Northern New Mexico conservation bills take important first step in Senate

Cerro de la Olla

Two pieces of conservation legislation championed by New Mexico Wild and critical to the protection of northern New Mexico’s public lands were heard today in a key U.S. Senate subcommittee. Today’s hearing is an important first step in the Senate for both pieces of legislation.

The Senate Energy & Natural Resources Subcommittee on Public Lands, Forests, & Mining heard testimony on more than a dozen bills, including legislation to establish a 13,103-acre wilderness area within the Rio Grande del Norte National Monument to be known as Cerro de la Olla, which loosely translates to “Pot Mountain” in English. The Cerro de la Olla Wilderness legislation is co-sponsored by Sens. Martin Heinrich and Ben Ray Lujan and by Rep. Teresa Leger Fernandez in the House of Representatives. The bill enjoys the support of sportsmen, grazing permittees, community members in the Taos area, small businesses, faith leaders, the Taos Pueblo and nonprofit organizations like New Mexico Wild.

“Cerro de la Olla has been visited by humans for thousands of years and locals still come here to camp, hike and engage in the most traditional of uses such as gathering wood and herbs,” said Mark Allison, Executive Director at New Mexico Wild. “Decades of local advocacy led to the establishment of the Rio Grande del Norte National Monument, and designating the Cerro de la Olla as a wilderness area would add an extra layer of protection that would keep these rich cultural traditions intact. Kudos to Sens. Heinrich and Lujan and Rep. Leger Fernandez for recognizing just how deserving Pot Mountain is of permanent protection.”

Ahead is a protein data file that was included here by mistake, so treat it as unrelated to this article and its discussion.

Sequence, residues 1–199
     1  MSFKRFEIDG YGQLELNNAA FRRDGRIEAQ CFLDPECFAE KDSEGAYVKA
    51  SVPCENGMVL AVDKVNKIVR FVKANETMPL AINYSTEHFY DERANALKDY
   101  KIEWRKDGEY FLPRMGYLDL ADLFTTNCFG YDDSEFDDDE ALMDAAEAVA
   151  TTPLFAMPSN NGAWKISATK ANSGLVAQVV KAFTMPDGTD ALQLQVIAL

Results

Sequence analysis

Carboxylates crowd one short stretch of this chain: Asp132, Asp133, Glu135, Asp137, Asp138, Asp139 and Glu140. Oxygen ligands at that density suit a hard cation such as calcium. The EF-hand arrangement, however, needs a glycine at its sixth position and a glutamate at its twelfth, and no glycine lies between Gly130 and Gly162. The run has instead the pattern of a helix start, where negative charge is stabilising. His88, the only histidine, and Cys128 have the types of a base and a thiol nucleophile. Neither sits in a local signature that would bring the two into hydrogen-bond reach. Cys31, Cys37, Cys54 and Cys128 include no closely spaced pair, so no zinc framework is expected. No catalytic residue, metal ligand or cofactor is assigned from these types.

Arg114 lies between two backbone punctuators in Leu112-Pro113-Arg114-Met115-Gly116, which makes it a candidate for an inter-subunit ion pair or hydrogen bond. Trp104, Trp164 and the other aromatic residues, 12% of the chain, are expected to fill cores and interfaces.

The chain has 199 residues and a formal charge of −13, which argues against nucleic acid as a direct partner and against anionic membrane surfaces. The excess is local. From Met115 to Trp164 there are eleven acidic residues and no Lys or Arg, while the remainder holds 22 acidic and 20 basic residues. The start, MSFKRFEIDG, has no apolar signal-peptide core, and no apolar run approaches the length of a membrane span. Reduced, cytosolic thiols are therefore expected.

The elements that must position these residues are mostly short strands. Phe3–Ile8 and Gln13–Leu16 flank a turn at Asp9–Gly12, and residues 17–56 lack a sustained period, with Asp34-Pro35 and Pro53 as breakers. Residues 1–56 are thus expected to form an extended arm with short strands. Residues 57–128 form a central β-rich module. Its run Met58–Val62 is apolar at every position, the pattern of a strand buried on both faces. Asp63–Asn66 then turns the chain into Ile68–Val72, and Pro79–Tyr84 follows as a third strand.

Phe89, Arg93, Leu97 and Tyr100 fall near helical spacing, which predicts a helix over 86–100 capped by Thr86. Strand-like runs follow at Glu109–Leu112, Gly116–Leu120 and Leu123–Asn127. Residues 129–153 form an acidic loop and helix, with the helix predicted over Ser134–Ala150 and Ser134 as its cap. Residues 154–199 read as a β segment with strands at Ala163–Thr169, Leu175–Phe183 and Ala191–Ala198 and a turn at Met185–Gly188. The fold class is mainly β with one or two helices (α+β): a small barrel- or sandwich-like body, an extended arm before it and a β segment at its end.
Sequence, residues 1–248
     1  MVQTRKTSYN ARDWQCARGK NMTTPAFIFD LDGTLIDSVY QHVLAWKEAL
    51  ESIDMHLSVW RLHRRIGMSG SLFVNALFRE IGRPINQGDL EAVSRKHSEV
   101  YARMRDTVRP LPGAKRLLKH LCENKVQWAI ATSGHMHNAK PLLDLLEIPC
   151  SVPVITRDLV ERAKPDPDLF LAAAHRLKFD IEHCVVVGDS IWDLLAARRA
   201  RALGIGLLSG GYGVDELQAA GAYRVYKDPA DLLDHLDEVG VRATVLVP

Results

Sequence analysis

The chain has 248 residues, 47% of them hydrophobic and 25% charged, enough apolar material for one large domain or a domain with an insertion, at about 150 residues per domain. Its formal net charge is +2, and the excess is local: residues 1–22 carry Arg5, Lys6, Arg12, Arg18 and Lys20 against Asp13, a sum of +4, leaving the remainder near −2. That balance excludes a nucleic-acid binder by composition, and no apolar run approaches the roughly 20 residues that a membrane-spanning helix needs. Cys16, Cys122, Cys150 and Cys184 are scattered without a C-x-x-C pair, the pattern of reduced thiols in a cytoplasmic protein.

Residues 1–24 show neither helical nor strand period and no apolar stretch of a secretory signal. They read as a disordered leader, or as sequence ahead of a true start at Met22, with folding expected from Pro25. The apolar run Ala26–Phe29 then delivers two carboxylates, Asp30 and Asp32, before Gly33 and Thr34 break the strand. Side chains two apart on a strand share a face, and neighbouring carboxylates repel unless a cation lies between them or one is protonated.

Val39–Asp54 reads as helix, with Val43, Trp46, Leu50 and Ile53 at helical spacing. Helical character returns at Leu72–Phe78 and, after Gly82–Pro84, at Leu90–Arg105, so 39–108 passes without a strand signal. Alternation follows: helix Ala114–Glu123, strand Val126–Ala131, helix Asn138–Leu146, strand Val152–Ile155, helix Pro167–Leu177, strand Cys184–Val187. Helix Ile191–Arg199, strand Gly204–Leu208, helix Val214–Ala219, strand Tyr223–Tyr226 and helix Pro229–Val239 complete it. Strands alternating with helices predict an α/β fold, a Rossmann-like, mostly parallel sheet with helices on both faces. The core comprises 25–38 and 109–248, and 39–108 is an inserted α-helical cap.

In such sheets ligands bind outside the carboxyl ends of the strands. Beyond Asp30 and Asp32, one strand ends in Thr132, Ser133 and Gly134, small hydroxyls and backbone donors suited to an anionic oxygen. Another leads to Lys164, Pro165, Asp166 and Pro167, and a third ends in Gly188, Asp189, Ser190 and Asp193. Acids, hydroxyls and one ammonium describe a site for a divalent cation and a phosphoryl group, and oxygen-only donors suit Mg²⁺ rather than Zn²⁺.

Following testimony on the Cerro de la Olla bill, the subcommittee heard testimony on legislation sponsored by Sen. Heinrich to withdraw all federally managed minerals in the Upper Pecos Watershed from future lease sales.

“Removing the Upper Pecos Watershed from consideration for future mineral extraction is a step in the right direction for the region,” said Allison. “The outdated 1872 mining law makes it extremely difficult for the U.S. Forest Service to provide proper oversight of the extractive industries. This watershed, the adjacent wilderness area and nearby communities have been the target of mining operations for over a century despite a painful history of contamination to the Pecos River and its tributaries from these activities. Local voices have loudly declared that the Pecos Valley is no place for another mine. We tip our caps to Sen. Heinrich for taking steps to ensure the natural and cultural resources that belong to these communities are preserved.”

Leave a Reply

Your email address will not be published. Required fields are marked *